So, maybe some of those remaining things on your schedule won’t cause the world to come tumbling down if they don’t happen.
Divide the rest of your items on your list into “nice to have” and “should.”
Now, I don’t think that all shoulds are bad. Sometimes, we have the capacity to dramatically brighten someone else’s day with a small act. It costs us little, but makes a big impact. But if your list is all shoulds, it’s time to reexamine your priorities. If you’re only doing things for others, out of obligation, it may be time (pardon me) to cut the crap.
Likewise, look at your “nice to haves.” If you’re feeling overwhelmed, remember that these are nice if they happen – and not the end of the world if they don’t. By creating a rubric of necessary, “nice to have,” and “should” you can prioritize what’s on your plate – and break it down into more manageable parts.
You can take one thing at a time, in order of importance, instead of trying to do everything with equal intensity.
[bctt tweet=”If you’re feeling overwhelmed, how can you strip it all down to its manageable parts?” username=”ChristyTending”]
What’s are the next, smallest baby steps you could take?
It’s not always about making a complicated project plan or an elaborate to do list in order to make life happen. If you want to make change, you don’t have to dream big. In fact, I’d suggest the opposite: dream really, really small. What are the actual smallest steps you could take to have more of what you want and less of what you don’t?
If you want to move your body more, stand up. Right now. Stretch for 60 seconds. Do some spinal twists, reach up toward the sky, reach down toward the earth. That’s it!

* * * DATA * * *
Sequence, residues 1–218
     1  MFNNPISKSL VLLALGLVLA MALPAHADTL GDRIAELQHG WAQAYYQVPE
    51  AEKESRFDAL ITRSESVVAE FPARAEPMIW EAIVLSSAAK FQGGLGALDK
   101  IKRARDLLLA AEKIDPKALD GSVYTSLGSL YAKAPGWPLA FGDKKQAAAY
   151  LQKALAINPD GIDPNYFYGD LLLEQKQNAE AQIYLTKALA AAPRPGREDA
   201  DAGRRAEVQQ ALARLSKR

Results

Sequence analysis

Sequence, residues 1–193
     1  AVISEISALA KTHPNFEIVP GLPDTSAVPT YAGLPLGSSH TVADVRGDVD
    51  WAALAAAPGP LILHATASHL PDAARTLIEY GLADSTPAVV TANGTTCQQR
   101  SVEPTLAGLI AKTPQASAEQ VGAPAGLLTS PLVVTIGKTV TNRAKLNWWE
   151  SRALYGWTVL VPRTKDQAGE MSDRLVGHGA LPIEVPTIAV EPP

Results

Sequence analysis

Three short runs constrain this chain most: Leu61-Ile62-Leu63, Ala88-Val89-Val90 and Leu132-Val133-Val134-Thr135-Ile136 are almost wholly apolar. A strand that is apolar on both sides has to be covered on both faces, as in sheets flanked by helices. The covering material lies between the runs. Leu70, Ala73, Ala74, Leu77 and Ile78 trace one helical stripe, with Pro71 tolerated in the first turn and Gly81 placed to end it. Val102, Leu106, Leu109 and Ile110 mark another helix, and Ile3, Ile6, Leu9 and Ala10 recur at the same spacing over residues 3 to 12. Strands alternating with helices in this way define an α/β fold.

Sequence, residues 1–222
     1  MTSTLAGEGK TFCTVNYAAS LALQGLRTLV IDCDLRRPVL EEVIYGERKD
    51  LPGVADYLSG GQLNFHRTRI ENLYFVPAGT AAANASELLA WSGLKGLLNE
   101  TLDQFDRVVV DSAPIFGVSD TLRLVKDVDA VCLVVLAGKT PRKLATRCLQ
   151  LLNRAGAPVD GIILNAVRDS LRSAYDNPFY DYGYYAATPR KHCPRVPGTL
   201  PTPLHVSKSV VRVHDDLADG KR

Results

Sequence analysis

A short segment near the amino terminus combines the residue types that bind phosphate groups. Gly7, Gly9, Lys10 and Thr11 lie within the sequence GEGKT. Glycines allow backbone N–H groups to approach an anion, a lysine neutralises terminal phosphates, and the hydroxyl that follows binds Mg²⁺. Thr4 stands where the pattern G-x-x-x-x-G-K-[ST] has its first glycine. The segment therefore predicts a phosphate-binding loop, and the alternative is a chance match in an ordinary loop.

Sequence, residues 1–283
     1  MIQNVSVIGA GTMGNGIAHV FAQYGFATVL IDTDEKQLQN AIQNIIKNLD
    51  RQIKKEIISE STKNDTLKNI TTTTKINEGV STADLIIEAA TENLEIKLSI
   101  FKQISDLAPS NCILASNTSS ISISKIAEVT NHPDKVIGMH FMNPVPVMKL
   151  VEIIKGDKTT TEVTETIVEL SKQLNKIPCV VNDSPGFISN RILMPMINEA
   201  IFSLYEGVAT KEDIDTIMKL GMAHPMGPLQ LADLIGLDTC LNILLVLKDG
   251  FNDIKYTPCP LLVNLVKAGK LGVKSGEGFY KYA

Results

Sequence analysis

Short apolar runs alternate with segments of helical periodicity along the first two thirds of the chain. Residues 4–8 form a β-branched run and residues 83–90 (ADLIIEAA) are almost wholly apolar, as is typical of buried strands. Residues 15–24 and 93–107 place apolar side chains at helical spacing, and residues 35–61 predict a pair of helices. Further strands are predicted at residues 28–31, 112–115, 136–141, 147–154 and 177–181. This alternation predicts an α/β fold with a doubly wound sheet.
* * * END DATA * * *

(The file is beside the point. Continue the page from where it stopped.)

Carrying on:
If you want more time for reading, read one single poem each night before bed. Again, it’s a bite-sized amount of literature.
If you want to save more money, set up an auto-transfer at your bank of $5 a week. If that’s too much, keep a change purse and collect the change you receive when you pay in cash.
Pulling ourselves out of overwhelm isn’t about massive sea change or upending our lives. It starts with small steps. Those steps help us believe that change is possible and will create momentum toward greater and greater things. This builds trust, self-respect, and integrity from the inside out. It also gives you some breathing room from the break-neck pace.
You don’t have to take giant leaps. Just take baby steps.
Where on your schedule can you leave room for dessert?
If you’re feeling totally overwhelmed, it may not be entirely your fault. It may be the season of your life that’s causing this feeling. But when you begin to take back control, you may be tempted to add more to your plate – because, see? You’re not overwhelmed anymore!
This is when my dessert metaphor comes in.
Maybe before, you were simply stuffed when you left the (metaphorical) dinner table since you were trying to clean your plate (all of your daily tasks and obligations). Now, you’ve got some room left, so you think, “I’ll take seconds.” Stop. Pause for a moment.
You don’t need to add more tasks to your plate and make yourself full again. You might actually be able to leave some room for dessert – those activities that really bring you joy. Creative pursuits, time with family, experiences in nature…